Anita Horrocks has done it again. In her second novel for young adults, she has written a compelling, good-to-the-last-page story for teens and about teens. Narrator Kelly Farrell is a seventeen-year-old honours student who begins by telling us: "Most of the story is about Hannah, after all, not me. She's the one solidly at the center of things while I watch from around the edges."
Kelly learns that the edges in family life are blurred: the behaviour of one person dramatically impacts on the lives of everyone around her. Kelly's younger sister, Hannah, is on a slippery path to self-destruction. She is consumed by anger and self-loathing and her already fragile family is disintegrating right along with her.
Why has she replaced her old friends with a group of kids whose behaviour recognizes neither moral nor legal boundaries? What happened at the high school science fair to make fourteen-year-old Hannah plummet into a despair that threatens to ruin her life and destroy her whole family? Are the answers hidden in the secret box stashed under Hannah's bed? Nobody knows, but Kelly has to find out-even if it means confronting some difficult truths about their parents.
"In Hannah's box of secrets, I found a battered and torn poster from her science fair project last February. I found a lot of things, but the poster reminds me it was at the science fair that Hannah's story, which began who knows where, first screamed to be heard."
What They Don't Know is an intriguing tale and more. There is a voyeuristic twist that will rivet the attention of even the most impatient adolescent reader. Those who have read Griffen and Sabine will recognize the guilty pleasure in reading a story in which we are encouraged to peer furtively at another person's secret writings. Horrocks' story is sprinkled with visual surprises: hand-written notes scrawled on the backs of old envelopes, probation reports, a receipt from a tattoo shop, postcards from the girl's absent mother, newspaper clippings, court documents, and other correspondence that Kelly discovers in Hannah's secret box. Each serves to propel the story forward at a dizzying rate. Will it end in disaster or resolution?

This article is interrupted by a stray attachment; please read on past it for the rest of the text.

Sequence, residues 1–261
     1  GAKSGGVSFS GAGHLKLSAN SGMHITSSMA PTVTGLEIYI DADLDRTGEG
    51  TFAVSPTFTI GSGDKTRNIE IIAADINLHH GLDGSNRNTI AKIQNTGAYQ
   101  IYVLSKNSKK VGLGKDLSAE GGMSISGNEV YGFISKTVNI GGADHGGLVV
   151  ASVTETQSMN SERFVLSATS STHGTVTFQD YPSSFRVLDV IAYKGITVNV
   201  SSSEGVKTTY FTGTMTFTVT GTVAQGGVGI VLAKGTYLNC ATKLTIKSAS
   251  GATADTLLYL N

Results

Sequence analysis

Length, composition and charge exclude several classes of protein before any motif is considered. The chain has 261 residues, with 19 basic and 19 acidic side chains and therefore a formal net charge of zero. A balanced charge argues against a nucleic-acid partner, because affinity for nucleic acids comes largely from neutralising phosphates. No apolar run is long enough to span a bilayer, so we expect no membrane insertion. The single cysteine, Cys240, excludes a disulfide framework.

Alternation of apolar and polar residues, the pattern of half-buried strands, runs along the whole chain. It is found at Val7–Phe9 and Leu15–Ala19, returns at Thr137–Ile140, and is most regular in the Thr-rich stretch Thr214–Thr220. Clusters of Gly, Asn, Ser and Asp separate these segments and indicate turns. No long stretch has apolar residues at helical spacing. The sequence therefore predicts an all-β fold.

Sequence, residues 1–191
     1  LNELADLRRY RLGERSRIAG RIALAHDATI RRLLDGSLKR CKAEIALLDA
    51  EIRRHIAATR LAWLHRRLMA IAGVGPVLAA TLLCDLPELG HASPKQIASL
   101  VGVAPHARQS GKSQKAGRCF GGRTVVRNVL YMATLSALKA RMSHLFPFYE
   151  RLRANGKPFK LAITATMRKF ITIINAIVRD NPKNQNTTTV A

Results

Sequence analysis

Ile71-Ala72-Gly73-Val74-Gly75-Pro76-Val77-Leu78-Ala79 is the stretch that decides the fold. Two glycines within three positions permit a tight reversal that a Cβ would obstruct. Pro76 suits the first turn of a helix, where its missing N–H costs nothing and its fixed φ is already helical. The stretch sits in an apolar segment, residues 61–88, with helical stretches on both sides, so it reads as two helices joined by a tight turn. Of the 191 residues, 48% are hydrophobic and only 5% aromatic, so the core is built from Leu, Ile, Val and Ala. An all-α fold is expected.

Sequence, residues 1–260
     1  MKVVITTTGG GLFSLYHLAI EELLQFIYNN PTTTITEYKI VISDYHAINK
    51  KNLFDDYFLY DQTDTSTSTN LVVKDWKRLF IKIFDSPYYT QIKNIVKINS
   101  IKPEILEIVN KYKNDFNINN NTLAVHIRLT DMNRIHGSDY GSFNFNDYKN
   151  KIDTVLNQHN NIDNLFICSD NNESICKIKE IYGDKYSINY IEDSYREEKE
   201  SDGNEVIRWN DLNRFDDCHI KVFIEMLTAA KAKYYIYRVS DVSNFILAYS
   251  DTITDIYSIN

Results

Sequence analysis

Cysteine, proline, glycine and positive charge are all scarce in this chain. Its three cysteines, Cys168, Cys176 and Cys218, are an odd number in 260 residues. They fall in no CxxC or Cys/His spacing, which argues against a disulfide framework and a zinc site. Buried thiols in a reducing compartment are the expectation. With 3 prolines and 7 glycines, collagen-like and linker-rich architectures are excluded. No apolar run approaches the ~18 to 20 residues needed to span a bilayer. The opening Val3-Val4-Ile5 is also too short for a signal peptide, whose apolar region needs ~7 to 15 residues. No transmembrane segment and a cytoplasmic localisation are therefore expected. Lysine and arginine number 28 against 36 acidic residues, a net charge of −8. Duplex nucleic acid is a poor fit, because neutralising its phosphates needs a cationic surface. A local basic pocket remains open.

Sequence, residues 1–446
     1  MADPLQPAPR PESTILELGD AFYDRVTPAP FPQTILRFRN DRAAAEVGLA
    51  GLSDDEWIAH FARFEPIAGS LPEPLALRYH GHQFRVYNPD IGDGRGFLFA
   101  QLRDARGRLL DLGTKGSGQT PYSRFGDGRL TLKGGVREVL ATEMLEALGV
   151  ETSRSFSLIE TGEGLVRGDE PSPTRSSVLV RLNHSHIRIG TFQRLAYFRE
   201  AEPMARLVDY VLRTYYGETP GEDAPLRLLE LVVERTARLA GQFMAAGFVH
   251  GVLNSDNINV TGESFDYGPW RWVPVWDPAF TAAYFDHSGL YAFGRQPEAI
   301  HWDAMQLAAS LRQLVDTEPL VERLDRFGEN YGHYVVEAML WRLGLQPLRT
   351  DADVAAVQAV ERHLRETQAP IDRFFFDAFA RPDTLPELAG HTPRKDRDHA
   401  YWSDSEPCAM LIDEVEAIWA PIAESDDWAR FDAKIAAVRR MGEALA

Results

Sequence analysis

In the end, Kelly makes a great discovery: "Telling Hannah's story made it my story, too. Because the shape that emerged as I told it was my own, and that discovery changed me. But the story is not over yet. Hannah's. Mine. There are so many different beginnings... Another one is now."
What They Don't Know is a novel about choices and consequences, truth and loyalty, love and family. It lingered with me long after I turned the last page and passed it on to my own daughter-who gave it a rave review.
Erinn Banting is finishing the Specialist program in English at the University of Toronto and is co-editor of ça met égal.
Julie Burtinshaw lives in Vancouver, where she does research and writes.
Jeffrey Canton is a freelance writer and reviewer.
Marnie Parsons is an editor and reviewer currently living in London, Ontario.
Sherie Posesorski is a Toronto writer and editor.